6. Federal Budget, Plan B?. Treasurer Joe Hockey has called on the crossbench senators who now hold the balance of power in Australia’s Upper House to outline their core values and help clarify what measures from the federal budget are likely to get their support. “If they declare what they believe in, as I think a number of Palmer United and also a number of the other independents in the Senate have started to do,” Hockey said, “then we will get greater clarity about what in the Budget is going to pass.” Tony Abbott, meanwhile, used a speech in Melbourne last night to promise to see it through. “Eventually — if not at the ﬁrst attempt or even the second — this budget will pass, because no one has put up a credible alternative,” Abbott said.
7. PUP leader Clive Palmer, meanwhile, is installing all his own computers in his parliamentary offices because he believes everything is bugged by ASIO.
8. 10,000-hour rule destroyed. A Princeton study has blown a big hole in the theory from Malcolm Gladwell’s book Outliers that 10,000 hours of practice is required to become world-class in any field. The new study says practice accounts for only 12% difference in performance. “There is no doubt that deliberate practice is important, from both a statistical and a theoretical perspective. It is just less important than has been argued,” the study’s lead author wrote. “For scientists, the important question now is, what else matters?”
9. Lara Bingle is the ultimate survivor. Say what you will about the Where The Bloody Hell Are Ya girl from the Shire, she just keeps the media’s attention. This week in Bingle News, she’s brought back the bob. Bingle Instagrammed the new haircut she “braved” for a mag cover and with it in tow, she’s a surprisingly compelling TV ambassador for bowel cancer awareness.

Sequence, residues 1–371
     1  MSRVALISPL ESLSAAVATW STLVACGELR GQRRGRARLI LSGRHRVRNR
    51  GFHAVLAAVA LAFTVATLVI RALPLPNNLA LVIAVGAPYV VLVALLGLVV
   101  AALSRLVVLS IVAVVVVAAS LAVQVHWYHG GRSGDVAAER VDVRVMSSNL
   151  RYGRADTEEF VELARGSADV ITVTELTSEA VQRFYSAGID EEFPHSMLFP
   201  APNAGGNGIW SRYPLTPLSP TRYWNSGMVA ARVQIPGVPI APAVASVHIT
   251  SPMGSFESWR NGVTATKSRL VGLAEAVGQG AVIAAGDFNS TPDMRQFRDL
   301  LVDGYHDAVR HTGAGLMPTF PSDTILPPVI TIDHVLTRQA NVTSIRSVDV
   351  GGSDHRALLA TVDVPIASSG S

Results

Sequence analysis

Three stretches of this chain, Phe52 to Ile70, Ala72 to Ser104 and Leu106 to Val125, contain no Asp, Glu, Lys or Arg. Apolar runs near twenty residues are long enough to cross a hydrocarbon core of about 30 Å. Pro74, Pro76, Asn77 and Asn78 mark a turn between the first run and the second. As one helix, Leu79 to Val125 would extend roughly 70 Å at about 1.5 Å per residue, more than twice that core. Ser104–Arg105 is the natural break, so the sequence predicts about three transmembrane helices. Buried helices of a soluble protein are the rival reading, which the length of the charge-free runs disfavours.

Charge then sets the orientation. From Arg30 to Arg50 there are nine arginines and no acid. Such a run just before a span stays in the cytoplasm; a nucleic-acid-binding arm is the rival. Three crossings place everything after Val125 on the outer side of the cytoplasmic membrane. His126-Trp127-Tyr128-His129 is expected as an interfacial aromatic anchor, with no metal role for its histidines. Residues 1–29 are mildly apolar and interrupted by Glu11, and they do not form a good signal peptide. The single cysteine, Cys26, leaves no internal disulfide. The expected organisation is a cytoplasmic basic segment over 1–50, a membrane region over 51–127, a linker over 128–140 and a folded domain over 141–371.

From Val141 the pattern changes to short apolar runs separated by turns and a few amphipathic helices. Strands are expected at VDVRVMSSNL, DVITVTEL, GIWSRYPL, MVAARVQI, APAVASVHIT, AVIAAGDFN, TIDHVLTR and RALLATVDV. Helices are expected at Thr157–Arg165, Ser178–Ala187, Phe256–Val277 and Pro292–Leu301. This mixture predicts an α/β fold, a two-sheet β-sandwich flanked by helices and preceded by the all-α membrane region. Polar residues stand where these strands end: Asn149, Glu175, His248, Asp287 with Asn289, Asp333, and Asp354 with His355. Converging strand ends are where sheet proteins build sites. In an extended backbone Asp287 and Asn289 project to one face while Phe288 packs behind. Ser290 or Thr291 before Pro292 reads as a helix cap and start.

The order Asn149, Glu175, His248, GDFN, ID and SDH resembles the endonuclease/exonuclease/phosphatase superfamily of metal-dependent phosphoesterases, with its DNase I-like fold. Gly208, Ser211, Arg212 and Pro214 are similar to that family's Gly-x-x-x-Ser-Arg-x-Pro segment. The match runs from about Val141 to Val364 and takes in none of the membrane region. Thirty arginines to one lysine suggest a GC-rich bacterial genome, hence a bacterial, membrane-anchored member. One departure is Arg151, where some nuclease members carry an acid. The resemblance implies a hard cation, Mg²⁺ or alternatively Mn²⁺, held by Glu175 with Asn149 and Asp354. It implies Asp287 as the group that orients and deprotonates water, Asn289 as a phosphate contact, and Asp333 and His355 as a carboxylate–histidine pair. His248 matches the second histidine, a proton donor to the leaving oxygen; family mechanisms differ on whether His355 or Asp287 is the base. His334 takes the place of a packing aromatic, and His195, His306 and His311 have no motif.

10. Andy Murray’s mysterious, stormy exit from Wimbledon. The defending champ bowed out in three sets to Grigor Dimitrov. UK media noted several blowups which seemed aimed at his box in the crowd, including “Shut the f**k up!” and yelled “five minutes before the f**king match!”. The UK Telegraph said Murray’s girlfriend left the match looking “visibly upset”. The best quote came from Murray’s “friend and confidant”, perennial Wimbledon loser Tim Henman, who spoke to Team Murray and tried to get to the bottom of it all for the media. The best he could come up with was “He was a bit flat. It’s happened to me.”
Bonus item: Everyone knows the frustration of toasters not quite toasting to the level you expect. Set the dial to 4 and you get either 3 or 5 toast, never 4. But science has fixed it. Dualit worked with Imperial College on an algorithm that “calculates each variable in the toaster, from room and toaster temperature to how many slices it has toasted or how long it has to cool”. Perfect toast, every time. Science: is there anything it can’t do?
Have a cracking weekend. I’m on Twitter: @colgo